4. If you should wear protective gear while doing an activity, you shouldn't do it while carrying a baby. Baby carriers do not provide hearing protection, eye protection, protection from projectiles such as rocks flung from a lawn mower, protection from fumes or dust such as occur during lawn mowing and some household cleaning tasks, or protection from falls.
5. Protect your baby from the elements. Little limbs and heads may need sun protection. Don’t dress your baby too warmly in the summer, and don’t use a baby carrier under circumstances that could cause the baby to suffer heat stress. Don’t let your baby get too cold in the winter. (There are some excellent coats and ponchos designed especially for use with baby carriers, and you can also improvise or make your own.)
6. Be aware of what your baby can reach. In particular, be aware that a baby on your back can reach things you can’t see.
The first time I was in my kitchen and W wiggled his arm out and grabbed the freezer door as I walked by we actually almost fell because he held on to it as hard as he could and I got jerked back.  I'm much more aware of stationary objects he could grab onto now.
7. Don’t put loose items in the carrier with your baby that can be choking hazards, that can poke your baby, or that can cover your baby’s face.
8. Carrying a baby in arms or in a carrier is a task for a responsible adult who can assess risk in a mature way

Are you exhausted yet?  Well, I'm not quite finished...

Positioning your baby properly in a carrier is obviously an important aspect to babywearing safety.  The Babywearer has a great guide specifically about correct position for newborns.  It has in depth descriptions as well as many photos.  If you plan on wearing your newborn I 100% recommend you go check that out!

I already mentioned this in Babywearing 101 but I figured I'd bring it up is important not to wear your baby in a narrow-based carrier (AKA a "crotch dangler") because it puts unhealthy strain on the hips of your baby.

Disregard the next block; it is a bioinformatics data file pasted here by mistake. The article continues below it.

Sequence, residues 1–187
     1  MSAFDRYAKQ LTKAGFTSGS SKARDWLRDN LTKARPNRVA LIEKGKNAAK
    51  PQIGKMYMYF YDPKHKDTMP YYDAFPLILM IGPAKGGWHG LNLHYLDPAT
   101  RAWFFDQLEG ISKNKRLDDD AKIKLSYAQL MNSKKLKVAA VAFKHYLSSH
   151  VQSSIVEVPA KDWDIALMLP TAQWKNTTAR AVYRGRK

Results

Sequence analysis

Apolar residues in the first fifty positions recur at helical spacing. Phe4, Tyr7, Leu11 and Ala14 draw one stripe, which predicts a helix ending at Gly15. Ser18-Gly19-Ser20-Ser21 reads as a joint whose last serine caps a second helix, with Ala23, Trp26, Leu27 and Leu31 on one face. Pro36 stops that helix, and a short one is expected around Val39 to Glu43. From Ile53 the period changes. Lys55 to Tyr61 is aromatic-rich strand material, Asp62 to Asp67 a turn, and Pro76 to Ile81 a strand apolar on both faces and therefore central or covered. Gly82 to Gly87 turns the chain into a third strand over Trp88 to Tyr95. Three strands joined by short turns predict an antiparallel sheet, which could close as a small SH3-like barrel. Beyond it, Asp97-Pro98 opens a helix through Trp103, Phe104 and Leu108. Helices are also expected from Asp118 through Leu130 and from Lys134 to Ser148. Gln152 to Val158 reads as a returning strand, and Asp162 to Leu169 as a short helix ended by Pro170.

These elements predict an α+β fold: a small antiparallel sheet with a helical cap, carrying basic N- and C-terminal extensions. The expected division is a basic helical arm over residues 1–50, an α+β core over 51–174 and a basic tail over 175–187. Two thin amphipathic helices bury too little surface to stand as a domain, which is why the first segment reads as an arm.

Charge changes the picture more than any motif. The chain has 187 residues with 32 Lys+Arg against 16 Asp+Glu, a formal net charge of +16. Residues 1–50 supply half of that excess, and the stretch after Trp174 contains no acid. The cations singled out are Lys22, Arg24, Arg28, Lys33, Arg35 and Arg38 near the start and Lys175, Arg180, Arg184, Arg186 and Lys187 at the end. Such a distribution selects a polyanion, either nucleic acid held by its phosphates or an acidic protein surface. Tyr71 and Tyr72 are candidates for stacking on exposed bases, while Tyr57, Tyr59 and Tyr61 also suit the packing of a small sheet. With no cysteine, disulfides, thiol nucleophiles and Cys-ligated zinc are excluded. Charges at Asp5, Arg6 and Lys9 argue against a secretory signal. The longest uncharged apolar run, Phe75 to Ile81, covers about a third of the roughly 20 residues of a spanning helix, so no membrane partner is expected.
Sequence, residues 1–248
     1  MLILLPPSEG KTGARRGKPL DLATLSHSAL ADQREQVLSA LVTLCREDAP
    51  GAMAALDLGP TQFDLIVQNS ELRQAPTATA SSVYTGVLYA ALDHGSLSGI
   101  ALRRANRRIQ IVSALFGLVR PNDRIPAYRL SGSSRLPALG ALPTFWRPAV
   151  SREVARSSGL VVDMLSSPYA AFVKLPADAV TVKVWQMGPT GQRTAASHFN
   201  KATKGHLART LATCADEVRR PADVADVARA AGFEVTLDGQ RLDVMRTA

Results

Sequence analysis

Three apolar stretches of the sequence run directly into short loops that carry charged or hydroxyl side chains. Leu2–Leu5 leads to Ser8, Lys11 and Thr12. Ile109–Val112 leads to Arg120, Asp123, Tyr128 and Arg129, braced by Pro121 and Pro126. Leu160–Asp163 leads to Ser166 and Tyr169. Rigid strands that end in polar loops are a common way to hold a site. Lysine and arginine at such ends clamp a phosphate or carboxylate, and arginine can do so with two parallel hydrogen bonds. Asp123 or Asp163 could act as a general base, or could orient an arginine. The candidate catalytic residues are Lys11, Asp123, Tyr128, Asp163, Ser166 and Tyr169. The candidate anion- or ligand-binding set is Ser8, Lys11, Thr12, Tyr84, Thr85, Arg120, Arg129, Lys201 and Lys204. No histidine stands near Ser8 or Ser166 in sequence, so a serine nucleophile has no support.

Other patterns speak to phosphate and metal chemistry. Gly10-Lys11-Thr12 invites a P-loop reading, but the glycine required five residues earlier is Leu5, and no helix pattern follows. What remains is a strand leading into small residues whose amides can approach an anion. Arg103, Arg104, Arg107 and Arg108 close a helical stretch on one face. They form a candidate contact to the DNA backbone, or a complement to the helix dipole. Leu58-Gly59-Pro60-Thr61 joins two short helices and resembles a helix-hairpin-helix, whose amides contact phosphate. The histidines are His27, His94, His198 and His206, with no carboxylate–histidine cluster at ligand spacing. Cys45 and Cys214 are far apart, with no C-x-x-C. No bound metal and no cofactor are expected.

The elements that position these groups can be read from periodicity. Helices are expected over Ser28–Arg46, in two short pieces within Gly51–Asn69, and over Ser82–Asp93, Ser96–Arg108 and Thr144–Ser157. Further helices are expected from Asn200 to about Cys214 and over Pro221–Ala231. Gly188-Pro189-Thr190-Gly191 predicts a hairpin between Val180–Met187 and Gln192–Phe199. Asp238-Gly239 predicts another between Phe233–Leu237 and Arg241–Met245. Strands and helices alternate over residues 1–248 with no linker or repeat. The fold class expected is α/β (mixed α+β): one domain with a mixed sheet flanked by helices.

From the Tula Baby Carrier Facebook Page
If you were to just be holding your baby, not "wearing" them.  Their legs would naturally pull up into what's known as the "m" position (with their knees above their bum) - which is how they should be supported in a carrier.
When you're learning how to use a new carrier or trying to use an existing carrier in a new way always try it at home first!  If necessary, use a spotter, or at least practice with your baby over a couch or bed.  A lot of carriers can even be tested out while sitting or kneeling so if you did have a mishap you'd already be close to the ground.

One last thing to wrap up Babywearing 102 - check for recalls on any carrier you plan on using!  One well known recall is the Infantino SlingRider which is a bag sling.  Bag slings are basically hobo style purses that you wear your kid in and they are not safe.  Stick to the types of carriers I mentioned in Babywearing 101 and double check for recalls for specific brands/models.  (If you have an Infantino SlingRider, even if you weren't the original purchaser, you can exchange it for any of the other Infantino Carriers - I recommend their "Sash" carrier which is a perfectly safe and ergonomic Mei Tai!)

I think that's enough information overload for one day!  Any questions??